A dynamic stiff string torque and drag (T&D) model is presented that assumes steady state motion of the drillstring as its basis for calculations. Results are compared to previously published T&D models that are based on static equilibrium. The novelty of the new dynamic model is the ability to solve T&D operations of the entire drillstring from bit to top drive in reasonable time using standard engineering computers.

The new approach is based on a 3D dynamic model of drillstring and BHA in an elastic borehole. It considers bending stiffness, torsional stiffness, contact forces, and friction with localization of contact points. A numerical method is described that has proven to have excellent convergence. Complete governing equations are provided and the method is described in detail to permit readers to replicate results.

The dynamic model is compared to two static stiff string models. Comparisons are also provided for three conventional soft string models including the Lubinski-Paslay-Cernocky bending stress magnification factor. Three field case studies are presented for horizontal wells. One well is short radius with dogleg severity over 50 deg/100 ft and two wells are unconventional shale wells with doglegs up to 15 deg/100 ft. Predictions for surface torque and drag up and down for the new dynamic stiff string model are compared to the static stiff and soft string models. In many situations modeled the top-level results for surface torque and drag up/down are close enough for all six models to be within the uncertainty range associated with the commonly used, lumped-parameter friction factor. However, some major differences in hook load for sliding and slack off operations are observed, which are shown to be caused by differences in location and magnitude of contact force between the drillstring and wellbore. Further, significantly lower surface torque is predicted by the new dynamic stiff string compared to other models for one case history because of lower contact forces in the vertical section of the well. In fact, the key finding of this paper is that major differences are observed for contact forces for the new dynamic stiff string model compared to all five other models, including the two static stiff string models. These differences in contact forces are most significant when the drillstring has helically buckled or when doglegs in the wellbore are high. Contact forces have a large impact on local stress behavior, which is important for predictions of casing and drillpipe wear, drillstring fatigue, and failure points in the drillstring.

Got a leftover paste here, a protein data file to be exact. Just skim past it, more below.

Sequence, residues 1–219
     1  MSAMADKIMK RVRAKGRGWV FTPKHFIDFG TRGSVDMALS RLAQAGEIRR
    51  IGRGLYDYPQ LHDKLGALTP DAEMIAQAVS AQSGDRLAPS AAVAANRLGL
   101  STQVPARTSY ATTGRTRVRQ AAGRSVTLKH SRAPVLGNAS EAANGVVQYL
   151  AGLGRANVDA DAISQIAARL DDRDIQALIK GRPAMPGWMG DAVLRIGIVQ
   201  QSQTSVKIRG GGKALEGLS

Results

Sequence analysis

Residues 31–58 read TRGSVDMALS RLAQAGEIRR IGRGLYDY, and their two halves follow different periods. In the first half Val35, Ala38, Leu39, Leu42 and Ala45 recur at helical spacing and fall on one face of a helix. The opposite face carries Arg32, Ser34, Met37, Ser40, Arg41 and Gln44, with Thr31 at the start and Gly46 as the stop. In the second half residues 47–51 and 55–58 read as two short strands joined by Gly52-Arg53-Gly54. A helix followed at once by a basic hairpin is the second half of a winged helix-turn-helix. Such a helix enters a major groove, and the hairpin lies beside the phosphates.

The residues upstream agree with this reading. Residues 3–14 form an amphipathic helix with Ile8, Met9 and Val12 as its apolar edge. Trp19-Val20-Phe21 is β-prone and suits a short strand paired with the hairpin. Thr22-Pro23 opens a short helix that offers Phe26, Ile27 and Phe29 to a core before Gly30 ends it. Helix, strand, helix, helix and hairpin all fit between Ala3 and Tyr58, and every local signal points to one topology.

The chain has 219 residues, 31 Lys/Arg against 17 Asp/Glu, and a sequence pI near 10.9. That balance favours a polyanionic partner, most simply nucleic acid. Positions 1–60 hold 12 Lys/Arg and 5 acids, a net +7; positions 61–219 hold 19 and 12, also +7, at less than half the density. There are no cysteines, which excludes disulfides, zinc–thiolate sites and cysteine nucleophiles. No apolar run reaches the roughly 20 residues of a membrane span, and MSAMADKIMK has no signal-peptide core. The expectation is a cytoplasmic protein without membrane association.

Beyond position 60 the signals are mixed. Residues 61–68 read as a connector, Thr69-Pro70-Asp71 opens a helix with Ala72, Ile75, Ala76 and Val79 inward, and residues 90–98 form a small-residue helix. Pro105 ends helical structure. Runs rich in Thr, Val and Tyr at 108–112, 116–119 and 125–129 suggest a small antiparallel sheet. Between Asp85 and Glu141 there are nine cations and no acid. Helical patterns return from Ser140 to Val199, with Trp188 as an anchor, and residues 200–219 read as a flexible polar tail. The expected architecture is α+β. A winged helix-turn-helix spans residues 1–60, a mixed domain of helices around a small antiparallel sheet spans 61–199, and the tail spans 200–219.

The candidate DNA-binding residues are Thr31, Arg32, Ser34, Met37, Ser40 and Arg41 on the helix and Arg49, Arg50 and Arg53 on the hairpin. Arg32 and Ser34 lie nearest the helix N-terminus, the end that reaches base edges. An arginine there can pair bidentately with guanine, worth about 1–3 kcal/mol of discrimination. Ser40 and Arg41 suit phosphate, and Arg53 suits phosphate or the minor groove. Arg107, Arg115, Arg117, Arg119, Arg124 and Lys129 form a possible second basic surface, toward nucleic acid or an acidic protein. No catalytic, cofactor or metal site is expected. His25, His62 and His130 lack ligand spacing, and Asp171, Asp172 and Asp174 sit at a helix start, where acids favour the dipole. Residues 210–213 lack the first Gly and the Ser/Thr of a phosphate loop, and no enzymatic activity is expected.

Although several previous papers have published stiff string models there is no industry standard formulation. The main problem holding back the development of an industry standard stiff model is perhaps the complexity of the numerical algorithm and substantial running time. To address this problem, some previous stiff string models account for bending stiffness of the drillstring but not for radial clearance while others appear to model only portions of the drillstring as stiff. The new stiff string model accounts for bending stiffness and radial clearance for the entire drillstring while still giving reasonable computational times. For stiff string models the advantage of using a dynamic approach to solve the steady state position of the drillstring is mainly related to superior convergence of the numerical algorithm compared to static stiff string models because calculation of contact points is faster.

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